So much blood, and I think the screaming’s still ringing in my ears. Not so innocent now, am I? Wasn’t the best choice for my first ever horror movie, especially alone, but you can’t unsee unless you’ve got nothing to see with anymore. I told you all about it when you came home as the end credits travelled up the screen, highlighting my wide eyes, but you fell asleep while I was talking, and you’re hard to wake up.

You’re impossible to wake up now.

So when we went to travel to a concert for the second part of my birthday present in the car - kind of like a road trip, apparently - I was more apprehensive than excited. You insisted we went anyway, and so we did. Until she walked in the middle of the road, blank expression with scarcely-blinking eyes, like how mine were last night. I couldn’t breathe for what seemed like forever, but when I did and I screamed louder than I did yesterday, you cursed in panic and aggravation, stopping the car so fast it threw us forward in our seats a little.

Why did you do it?! Why?

Trust a dead girl walking more than your own younger sister? Why? I still don’t... Why?

She didn’t even flinch when you almost hit her that hitchhiker, but you still rolled your eyes when I hurriedly told you about exactly how this was going to end. A cycle that ends in pain and masks of flesh. Could’ve sworn I saw a black rubbish bag full of the stuff.

You told me not to be ridiculous, and that movies and reality are two completely different things. Are you still so sure about that?

She walked slowly and shakily onwards and didn’t stop at all when you prised my desperate grip off your shoulders and got out to help her. They looked the same. They spoke the same. They said the same thing, and you didn’t care less until it was too late. It was later than late when you got out of the stupid car. Short blonde hair, pale face, discoloured dress. She told you she just needed to get away, that she wanted to go home, and let you help her in the car.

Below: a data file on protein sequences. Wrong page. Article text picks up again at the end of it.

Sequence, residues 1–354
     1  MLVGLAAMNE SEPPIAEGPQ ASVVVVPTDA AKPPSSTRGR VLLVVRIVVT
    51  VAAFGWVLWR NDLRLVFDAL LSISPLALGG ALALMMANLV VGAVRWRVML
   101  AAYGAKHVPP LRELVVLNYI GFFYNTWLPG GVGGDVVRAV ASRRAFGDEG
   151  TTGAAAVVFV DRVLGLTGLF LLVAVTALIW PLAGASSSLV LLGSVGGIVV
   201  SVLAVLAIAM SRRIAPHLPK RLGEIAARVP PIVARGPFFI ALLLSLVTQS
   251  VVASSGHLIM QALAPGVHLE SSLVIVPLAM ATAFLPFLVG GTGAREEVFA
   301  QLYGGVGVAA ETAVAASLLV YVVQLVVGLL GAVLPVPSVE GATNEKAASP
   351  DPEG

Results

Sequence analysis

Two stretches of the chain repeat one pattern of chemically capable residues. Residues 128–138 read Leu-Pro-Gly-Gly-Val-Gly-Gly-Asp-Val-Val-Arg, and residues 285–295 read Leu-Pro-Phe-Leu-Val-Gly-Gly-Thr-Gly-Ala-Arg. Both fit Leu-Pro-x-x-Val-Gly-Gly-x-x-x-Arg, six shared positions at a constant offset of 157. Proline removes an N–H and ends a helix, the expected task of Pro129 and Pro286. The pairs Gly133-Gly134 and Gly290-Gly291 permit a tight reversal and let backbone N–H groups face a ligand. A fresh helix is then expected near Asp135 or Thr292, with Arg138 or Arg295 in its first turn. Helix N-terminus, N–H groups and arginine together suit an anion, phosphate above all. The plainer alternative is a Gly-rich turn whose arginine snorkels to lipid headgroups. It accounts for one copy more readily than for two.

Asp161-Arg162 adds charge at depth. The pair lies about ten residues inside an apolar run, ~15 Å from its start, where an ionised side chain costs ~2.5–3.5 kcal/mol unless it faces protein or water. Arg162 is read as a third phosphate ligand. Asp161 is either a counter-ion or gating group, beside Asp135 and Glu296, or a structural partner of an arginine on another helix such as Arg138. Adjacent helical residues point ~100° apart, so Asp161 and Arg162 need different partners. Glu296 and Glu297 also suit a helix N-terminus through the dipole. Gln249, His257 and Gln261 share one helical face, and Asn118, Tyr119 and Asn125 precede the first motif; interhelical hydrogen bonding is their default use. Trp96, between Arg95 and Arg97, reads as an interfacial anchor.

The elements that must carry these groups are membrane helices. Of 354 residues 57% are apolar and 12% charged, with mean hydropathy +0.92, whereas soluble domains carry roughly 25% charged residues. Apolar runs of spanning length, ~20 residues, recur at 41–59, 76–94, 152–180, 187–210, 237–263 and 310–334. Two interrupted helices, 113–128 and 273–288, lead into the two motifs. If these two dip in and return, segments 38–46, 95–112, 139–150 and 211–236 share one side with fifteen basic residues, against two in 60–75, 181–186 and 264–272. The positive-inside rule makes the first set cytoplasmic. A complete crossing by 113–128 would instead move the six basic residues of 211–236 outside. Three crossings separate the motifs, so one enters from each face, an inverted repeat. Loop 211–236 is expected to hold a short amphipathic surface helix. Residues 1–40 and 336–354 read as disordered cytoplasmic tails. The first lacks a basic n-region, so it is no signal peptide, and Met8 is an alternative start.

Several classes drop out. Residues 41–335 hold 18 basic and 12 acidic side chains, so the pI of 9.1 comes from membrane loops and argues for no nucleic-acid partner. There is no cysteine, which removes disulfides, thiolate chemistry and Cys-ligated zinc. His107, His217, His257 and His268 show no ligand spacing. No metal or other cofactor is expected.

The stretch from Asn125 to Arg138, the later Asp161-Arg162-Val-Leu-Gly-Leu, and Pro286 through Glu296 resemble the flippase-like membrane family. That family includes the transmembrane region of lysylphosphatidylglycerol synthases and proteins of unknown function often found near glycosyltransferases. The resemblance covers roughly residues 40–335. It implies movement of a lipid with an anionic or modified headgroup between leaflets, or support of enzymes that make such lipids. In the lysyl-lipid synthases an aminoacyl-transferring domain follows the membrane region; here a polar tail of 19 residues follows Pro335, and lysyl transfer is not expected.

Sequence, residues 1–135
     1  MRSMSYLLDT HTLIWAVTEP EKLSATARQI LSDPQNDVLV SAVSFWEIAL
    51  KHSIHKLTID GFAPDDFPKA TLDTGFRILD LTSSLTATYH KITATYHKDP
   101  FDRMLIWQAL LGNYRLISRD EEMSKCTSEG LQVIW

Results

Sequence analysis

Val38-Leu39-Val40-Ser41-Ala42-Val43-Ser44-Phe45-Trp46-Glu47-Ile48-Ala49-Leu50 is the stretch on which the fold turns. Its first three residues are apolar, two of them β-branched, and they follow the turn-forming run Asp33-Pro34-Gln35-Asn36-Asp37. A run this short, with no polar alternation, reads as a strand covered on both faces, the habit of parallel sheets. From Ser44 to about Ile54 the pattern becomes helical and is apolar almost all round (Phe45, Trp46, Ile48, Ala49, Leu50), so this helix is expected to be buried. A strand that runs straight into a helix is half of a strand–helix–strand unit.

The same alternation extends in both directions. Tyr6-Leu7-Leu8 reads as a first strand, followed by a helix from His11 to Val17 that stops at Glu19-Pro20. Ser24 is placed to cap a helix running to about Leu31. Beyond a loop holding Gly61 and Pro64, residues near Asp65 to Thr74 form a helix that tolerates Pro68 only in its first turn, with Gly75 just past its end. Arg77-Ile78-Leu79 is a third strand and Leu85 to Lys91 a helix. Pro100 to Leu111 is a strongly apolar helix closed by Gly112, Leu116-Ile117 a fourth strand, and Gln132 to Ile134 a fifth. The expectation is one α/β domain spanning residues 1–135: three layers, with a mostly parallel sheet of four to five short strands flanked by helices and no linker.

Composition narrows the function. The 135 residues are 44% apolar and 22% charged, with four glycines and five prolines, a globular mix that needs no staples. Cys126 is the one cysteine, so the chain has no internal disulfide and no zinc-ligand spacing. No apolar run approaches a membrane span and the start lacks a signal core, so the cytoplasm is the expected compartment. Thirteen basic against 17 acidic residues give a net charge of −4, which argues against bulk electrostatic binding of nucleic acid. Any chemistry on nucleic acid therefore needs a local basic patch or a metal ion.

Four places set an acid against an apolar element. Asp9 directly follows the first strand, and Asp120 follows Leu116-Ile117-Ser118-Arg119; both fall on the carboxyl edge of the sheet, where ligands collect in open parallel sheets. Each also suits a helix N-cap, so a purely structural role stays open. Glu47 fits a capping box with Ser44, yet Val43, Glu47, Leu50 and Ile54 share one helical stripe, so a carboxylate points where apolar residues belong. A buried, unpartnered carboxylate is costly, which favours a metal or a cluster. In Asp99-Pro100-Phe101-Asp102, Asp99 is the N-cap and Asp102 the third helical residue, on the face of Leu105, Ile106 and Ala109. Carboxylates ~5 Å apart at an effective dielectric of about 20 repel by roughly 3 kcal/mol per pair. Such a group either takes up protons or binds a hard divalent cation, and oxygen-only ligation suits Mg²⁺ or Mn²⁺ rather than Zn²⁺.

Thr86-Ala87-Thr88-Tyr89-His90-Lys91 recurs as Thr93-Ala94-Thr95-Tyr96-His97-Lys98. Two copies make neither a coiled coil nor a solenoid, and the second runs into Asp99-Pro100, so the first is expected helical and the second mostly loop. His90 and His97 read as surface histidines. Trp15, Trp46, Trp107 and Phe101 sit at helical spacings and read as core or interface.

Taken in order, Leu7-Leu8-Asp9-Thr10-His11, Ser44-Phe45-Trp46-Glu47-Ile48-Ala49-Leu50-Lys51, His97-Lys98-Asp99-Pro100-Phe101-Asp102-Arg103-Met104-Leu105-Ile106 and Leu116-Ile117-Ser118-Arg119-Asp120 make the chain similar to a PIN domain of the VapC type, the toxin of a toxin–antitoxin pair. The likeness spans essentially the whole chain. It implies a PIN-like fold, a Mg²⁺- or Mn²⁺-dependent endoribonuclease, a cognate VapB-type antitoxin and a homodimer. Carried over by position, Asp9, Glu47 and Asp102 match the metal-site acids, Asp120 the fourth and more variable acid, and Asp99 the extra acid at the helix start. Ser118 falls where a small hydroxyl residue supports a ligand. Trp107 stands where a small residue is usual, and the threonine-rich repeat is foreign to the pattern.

She cried in the backseat, and you wouldn’t have noticed if it wasn’t for her ragged, uneven breathing. She didn’t tell us her name. She told us they were all dead. Then she screamed about how you were going the wrong way, and pushed herself in front, making you swerve and nearly crash. We both screamed, and I didn’t stop. She didn’t want to go back.

And when her green gaze shifted to her legs, her inner-thighs smeared with blood, I screamed louder, knowing that this was our final chance. Push her out. Change your fate. Get her out, get the gun, don’t let her do it. I knew exactly who the bad man was. She told you that you were going to die. And you did.

She put it in her mouth, and her back was facing you. So it went through both heads. You were mortified, and you looked at me in almost an apologetic way. I can’t be sure. Your look was fleeting, like the adrenaline. Like the moments. It must’ve been a strong bullet.

Strong bullet. Strong scent of blood.

Strong silence.

All the screams had been wiped from my throat, and I watched the red drip and the wisps and curls of smoke ooze from the gun’s end for at least an hour. Trauma? Horror?

Will I recover from myself? Am I one of them now?

Does it matter? You won’t tell me. There’s a hole in your mouth, and it’s not the one your lips make.

It was a bad idea.

I didn’t tell the sheriff. I blew up the car, and I stopped the movie of reality from going on. Now I’ll never know what the distinction is between fiction and real life. Not that I want to anymore.

After all, I’ve got all the adrenaline I could ever need now, don’t I?

Of course I do. I’m a hitchhiker.